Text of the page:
Oct 28, 2014, 9:50 AM
The Gambia Organization of the Visually Impaired (GOVI) on 15 October 2010 commemorated the World White Cane Day at its resource centre in Kanifing.
According to officials, the day is meant to create awareness and provide information to the general public on the plight of blind people.
Speaking at the event marking the day, the executive director of GOVI, Mamout Touray, said the White Cane Day was set aside to bring all blind people together to discuss matters affecting them.
He noted that the day is celebrated throughout the world to sensitize the public that blind people are also part of society.
According to Mr Touray, the White Cane Day is celebrated in almost all regions in the country with different types of activities. He said vehicle drivers should be careful when driving as blind people are also moving about and need to be protected.
"It is the responsibility of all those seeing to help the blind whenever they come across them," Mr Touray said.
He called on the government, philanthropists, and NGOs to come to their aid and to extend educational and other services to the provinces for the blind, so they can involve all blind people in the country in the educational system.
"Education for the blind is the most expensive kind of education," he said, thanking the government and all that have been contributing to their resource centre. "We have six students at the college and some in the senior secondary schools," he noted.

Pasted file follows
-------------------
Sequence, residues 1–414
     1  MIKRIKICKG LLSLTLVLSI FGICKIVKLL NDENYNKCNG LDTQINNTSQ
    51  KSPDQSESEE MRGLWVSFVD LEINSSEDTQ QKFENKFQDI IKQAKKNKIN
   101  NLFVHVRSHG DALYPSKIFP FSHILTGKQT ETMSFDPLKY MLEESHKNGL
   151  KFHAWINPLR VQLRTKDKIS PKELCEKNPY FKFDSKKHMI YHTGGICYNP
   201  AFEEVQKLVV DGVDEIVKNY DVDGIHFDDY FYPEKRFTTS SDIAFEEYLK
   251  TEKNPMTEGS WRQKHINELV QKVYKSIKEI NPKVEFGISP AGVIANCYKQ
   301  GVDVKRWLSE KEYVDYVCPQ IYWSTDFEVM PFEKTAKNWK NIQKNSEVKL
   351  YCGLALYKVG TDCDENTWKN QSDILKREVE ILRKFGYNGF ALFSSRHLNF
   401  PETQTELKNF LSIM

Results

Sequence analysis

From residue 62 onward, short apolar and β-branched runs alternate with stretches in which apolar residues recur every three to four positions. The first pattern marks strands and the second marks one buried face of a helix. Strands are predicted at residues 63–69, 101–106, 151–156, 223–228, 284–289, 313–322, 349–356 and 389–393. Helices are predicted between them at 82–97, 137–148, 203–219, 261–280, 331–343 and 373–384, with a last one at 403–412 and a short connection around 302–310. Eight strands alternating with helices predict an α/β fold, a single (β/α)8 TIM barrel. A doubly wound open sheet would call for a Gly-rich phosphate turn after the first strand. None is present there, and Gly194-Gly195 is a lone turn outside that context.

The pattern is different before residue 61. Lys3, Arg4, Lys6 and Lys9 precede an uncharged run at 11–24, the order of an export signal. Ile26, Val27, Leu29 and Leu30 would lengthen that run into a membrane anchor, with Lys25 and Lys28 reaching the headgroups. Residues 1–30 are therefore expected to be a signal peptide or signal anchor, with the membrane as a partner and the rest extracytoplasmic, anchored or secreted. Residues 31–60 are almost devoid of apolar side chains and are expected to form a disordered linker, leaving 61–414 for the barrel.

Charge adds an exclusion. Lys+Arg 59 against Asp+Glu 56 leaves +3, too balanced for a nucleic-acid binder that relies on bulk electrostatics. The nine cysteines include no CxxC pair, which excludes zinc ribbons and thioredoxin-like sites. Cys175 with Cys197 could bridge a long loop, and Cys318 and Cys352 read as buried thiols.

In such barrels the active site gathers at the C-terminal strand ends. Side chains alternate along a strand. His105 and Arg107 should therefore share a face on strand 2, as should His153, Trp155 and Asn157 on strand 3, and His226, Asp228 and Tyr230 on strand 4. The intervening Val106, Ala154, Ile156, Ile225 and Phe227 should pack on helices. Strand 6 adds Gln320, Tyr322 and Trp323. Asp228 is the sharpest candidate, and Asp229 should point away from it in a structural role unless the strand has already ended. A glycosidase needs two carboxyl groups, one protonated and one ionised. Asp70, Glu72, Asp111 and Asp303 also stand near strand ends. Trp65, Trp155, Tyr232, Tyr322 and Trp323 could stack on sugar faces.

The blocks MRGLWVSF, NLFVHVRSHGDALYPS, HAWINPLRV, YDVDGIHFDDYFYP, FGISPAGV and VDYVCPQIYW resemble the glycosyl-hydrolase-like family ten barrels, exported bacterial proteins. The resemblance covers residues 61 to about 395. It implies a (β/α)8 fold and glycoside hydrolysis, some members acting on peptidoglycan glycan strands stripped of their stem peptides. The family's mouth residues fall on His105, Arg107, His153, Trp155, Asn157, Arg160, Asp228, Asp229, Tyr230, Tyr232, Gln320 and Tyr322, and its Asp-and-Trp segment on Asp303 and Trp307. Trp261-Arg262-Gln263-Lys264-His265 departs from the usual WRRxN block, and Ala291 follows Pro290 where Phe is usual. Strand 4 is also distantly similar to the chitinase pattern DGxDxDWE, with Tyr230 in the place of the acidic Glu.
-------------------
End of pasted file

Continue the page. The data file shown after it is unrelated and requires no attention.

Muhammed Kora, national president of GOVI, told the gathering that The Gambia "is a role model" in celebrating the day.
He said GOVI used to celebrate the day with a match-past led by the police but due to financial constraints they decided to observe this year's event in a low profile.
The White Cane Day was more pronounced in 1979, Mr Kora said, adding that the day is used to sensitize everyone on the importance of treating the blind with care and of helping and protecting them wherever they are.
He advised all and sundry to desist from shunning or avoiding blind people and to engage them in discussions.
"Our aim is to enrol all blind people in the resource centre but due to accommodation problem and some other challenges we could not do so as at now," Mr Kora said, calling on parents to send their blind kids to school as "they have the same right as those seeing".
He thanked the government, Social Welfare, Sightsavers and Fast Track Initiative for the wonderful assistance they have been rendering to the centre.
According to the head teacher of GOVI Resource Centre, Ali Sallah, the centre has enrolled up to 38 students for this academic year. He also called on the public to assist the students to attain their full potentials.